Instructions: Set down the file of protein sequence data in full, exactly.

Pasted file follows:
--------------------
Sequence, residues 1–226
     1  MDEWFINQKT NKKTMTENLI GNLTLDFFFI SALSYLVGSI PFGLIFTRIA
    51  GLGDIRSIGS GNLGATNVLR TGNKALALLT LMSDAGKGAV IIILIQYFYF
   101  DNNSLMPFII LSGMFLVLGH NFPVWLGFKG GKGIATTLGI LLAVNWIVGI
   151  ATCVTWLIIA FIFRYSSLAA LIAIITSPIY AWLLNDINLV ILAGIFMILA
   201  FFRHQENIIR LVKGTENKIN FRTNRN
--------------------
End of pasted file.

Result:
Sequence, residues 1–226
     1  MDEWFINQKT NKKTMTENLI GNLTLDFFFI SALSYLVGSI PFGLIFTRIA
    51  GLGDIRSIGS GNLGATNVLR TGNKALALLT LMSDAGKGAV IIILIQYFYF
   101  DNNSLMPFII LSGMFLVLGH NFPVWLGFKG GKGIATTLGI LLAVNWIVGI
   151  ATCVTWLIIA FIFRYSSLAA LIAIITSPIY AWLLNDINLV ILAGIFMILA
   201  FFRHQENIIR LVKGTENKIN FRTNRN